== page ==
I have to thank Colleen Vanderlinden and her Mouse and Trowel Awards for turning me on to Tom Spencer’s site Soul of the Garden. It’s been nominated for the prized Gardening Website of the Year award, along with the highly opinionated Renegade Gardener, and blog compiler Garden Voices.
Now if you’ve visited Soul of the Garden you’ve seen how gorgeous it is but did you notice the quote on his Welcome page? "I do not understand how anyone can live without one small place of enchantment to turn to." He didn’t write that just choosing it for that spot tells me that Tom’s another garden-enchantment junkie, someone I recognize as a fellow traveler. (Fellow troweler?)
Then there’s screen after screen of amazing images, a special tribute to Buddhism and Buddhist practice, poetry, Tom’s videos for sale, and his fabulous gardening articles going back to 2000.
I visited Tom’s Buddhist Quotes and these are my favorites:
By correcting our mistakes, we get wisdom.
By defending our faults, we betray an unsound mind.
And this one:
Enlightenment is simply this: When I walk, I walk. When I eat, I eat. When I sleep, I sleep.
Everything Tom writes about, I want to explore. Like his own garden, like the Peckerwood Garden and Westcave Preserve. And such cool sites as the Campaign to Defend the Constitution, Singing Insects of North America, Richard Louv, Architecture for Humanity, and scads more for the perusing.
WHO IS THIS GUY?
I’m sure this Austinite is well known to Texas gardeners but I had to look up his bio. It told me Tom’s an award-winning TV producer of public affairs programming of all sorts – art, architecture, gardening, and more. A leader in public affairs television nationally. Star of radio, too. A freelance writer and photographer. Well, no wonder the site’s is so good.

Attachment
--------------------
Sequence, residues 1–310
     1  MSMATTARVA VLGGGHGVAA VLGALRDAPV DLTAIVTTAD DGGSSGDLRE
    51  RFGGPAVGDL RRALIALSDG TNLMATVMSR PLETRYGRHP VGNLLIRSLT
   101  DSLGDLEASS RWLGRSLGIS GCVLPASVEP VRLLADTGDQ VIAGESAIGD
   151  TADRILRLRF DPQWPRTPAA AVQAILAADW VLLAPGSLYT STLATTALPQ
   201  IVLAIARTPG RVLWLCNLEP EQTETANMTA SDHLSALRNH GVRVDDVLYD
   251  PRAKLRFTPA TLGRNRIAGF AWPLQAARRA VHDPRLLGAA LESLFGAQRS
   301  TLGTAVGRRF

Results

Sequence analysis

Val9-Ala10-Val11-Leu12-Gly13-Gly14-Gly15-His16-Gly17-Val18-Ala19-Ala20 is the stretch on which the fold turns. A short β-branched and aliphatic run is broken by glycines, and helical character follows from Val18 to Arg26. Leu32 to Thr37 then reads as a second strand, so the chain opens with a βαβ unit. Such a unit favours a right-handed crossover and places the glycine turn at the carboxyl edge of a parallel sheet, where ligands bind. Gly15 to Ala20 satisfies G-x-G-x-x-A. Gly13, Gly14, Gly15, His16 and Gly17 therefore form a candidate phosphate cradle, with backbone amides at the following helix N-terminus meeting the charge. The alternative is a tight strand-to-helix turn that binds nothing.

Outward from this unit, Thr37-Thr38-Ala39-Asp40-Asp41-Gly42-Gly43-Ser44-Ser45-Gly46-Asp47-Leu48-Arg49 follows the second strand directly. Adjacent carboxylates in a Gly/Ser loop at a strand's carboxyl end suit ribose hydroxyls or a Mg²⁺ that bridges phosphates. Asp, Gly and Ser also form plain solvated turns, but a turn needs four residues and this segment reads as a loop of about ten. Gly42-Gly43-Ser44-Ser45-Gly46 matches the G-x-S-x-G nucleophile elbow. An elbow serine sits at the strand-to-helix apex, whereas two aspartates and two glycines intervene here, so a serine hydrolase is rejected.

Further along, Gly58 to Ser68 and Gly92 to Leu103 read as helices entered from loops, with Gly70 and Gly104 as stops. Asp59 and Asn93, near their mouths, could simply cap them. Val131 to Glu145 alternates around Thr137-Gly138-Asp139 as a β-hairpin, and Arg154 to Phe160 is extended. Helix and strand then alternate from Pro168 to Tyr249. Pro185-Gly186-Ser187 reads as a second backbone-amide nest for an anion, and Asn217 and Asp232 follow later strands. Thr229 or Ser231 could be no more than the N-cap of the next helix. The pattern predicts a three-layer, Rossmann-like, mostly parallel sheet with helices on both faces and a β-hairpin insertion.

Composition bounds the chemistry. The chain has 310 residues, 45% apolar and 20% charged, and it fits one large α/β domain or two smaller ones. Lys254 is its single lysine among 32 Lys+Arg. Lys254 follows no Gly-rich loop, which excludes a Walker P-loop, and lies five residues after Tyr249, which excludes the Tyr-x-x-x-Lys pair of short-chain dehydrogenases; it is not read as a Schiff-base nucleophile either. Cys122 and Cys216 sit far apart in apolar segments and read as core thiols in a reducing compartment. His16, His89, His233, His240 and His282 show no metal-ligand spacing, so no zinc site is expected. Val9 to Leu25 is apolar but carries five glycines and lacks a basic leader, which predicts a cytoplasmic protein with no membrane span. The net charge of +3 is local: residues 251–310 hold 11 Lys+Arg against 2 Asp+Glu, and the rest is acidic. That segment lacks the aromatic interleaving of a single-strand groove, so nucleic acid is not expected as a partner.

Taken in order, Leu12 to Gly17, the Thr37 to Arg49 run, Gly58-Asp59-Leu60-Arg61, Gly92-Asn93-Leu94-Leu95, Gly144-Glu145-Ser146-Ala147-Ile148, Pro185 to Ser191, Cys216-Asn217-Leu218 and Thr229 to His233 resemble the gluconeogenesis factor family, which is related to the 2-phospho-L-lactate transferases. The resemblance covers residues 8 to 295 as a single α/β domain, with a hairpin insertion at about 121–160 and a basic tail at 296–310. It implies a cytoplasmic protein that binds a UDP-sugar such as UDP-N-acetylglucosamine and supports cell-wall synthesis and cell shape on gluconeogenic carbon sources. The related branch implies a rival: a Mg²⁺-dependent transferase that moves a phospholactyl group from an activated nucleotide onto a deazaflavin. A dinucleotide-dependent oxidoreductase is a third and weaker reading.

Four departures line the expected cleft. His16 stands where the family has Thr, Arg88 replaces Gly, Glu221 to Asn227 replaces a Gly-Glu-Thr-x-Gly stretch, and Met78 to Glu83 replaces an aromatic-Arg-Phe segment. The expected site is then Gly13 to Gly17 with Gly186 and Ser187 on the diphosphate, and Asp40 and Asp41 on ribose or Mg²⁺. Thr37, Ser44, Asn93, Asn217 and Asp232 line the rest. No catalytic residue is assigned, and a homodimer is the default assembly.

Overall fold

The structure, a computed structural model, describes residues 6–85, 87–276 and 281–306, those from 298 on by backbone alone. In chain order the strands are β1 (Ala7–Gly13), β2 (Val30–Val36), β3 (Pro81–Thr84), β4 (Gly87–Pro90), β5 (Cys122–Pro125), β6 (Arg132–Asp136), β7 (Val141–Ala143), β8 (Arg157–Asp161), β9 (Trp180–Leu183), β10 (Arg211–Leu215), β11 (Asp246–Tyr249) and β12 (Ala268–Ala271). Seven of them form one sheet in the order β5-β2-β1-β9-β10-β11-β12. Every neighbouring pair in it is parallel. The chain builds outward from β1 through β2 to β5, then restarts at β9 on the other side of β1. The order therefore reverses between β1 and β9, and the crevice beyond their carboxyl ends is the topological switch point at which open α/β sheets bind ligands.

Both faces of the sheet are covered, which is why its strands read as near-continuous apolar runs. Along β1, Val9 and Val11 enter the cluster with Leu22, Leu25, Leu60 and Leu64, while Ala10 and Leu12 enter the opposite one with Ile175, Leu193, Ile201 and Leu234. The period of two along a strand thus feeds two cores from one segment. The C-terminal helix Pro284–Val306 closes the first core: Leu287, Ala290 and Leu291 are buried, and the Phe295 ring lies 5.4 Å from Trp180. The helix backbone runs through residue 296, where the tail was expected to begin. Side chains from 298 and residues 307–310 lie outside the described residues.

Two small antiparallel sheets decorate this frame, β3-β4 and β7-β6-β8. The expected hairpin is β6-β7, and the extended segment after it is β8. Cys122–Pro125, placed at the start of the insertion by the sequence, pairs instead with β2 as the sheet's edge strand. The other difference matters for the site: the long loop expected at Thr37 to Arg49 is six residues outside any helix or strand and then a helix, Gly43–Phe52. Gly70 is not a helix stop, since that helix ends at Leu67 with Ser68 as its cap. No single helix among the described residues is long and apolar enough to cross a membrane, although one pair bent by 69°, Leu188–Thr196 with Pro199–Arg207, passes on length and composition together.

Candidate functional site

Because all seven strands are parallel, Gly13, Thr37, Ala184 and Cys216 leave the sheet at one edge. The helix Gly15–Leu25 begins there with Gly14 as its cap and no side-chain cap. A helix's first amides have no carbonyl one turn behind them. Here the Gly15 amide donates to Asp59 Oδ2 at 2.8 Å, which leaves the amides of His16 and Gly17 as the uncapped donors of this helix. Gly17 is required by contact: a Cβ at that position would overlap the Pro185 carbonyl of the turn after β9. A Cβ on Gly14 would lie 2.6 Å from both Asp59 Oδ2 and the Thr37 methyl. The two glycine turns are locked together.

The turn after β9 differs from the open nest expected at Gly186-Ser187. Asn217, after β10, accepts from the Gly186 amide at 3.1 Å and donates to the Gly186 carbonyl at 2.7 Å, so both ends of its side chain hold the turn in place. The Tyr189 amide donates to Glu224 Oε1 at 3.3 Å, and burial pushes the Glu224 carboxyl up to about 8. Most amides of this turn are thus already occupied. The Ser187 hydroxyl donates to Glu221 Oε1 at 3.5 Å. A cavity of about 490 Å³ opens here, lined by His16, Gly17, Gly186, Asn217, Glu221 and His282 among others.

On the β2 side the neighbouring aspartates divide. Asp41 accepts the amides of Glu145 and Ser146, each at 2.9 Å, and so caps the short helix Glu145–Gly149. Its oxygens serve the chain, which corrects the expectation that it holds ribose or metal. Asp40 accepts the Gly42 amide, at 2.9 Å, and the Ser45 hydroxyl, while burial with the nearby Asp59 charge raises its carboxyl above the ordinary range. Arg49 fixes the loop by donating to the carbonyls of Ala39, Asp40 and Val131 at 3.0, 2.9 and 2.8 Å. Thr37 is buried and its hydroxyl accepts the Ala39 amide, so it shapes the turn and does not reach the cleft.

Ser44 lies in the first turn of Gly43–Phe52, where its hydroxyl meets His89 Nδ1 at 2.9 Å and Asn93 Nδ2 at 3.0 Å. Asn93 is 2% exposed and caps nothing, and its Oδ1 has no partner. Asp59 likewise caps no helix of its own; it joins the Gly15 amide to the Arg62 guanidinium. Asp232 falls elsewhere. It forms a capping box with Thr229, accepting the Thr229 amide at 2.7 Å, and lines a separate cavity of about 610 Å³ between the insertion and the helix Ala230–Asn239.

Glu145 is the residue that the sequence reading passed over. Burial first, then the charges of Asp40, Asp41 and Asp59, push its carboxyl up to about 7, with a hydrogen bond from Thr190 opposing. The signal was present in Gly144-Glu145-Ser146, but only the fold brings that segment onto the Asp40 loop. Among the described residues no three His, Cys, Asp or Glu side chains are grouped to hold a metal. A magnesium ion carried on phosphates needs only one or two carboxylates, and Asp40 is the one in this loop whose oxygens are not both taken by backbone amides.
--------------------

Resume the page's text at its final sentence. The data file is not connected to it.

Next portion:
WITHER GARDENING WEBSITES?
New sites about gardening are hitting the Web almost daily, and most look nothing like Soul of the Garden. The site creators have boned up on such formerly arcane subjects as search engine optimization – seminars on the subject are wildly popular – and monetization, the often soul-less task of trying to make money off the damn things.
And a little surfing is all it takes to see examples of sites that are pure BUY-BUY-BUY, sites with almost no content or whose content is clearly only a vehicle for advertising. I won’t name names but I dare say this group is the majority. My own pet peeves about them include ads in the middle of the screen, huge ads across the top of every page, and flashing ads – the worst! – but the list is growing. Yeah, websites can annoy us in SO many ways.
But hey, even gardenwriters have mortgages to pay and I’m very sympathetic. Truth is, gardenwriters most especially could use new sources of income because those magazine articles and even the more successful books don’t exactly a Stephen King make. So we’re seeing garden sites that use Google ads or affiliate agreements with Amazon and other merchants. They offer books for sale, even e-books. And as more vendors offer affiliate programs (paying small finders’ fees to sites that link to them), we may see more of us managing to make a living at it. Doug Green, the web impresario of gardening, reportedly already does.
COMING SOON – YET ANOTHER GARDENING WEBSITE
So it’s confession time. My interest in topics like monetization isn’t exactly academic. My very own website about gardening will be making its debut here later this month. One place where I can say it all, show it all, link to it all, and and maybe sell a thing or two.
Photos by Tom Spencer, with permission.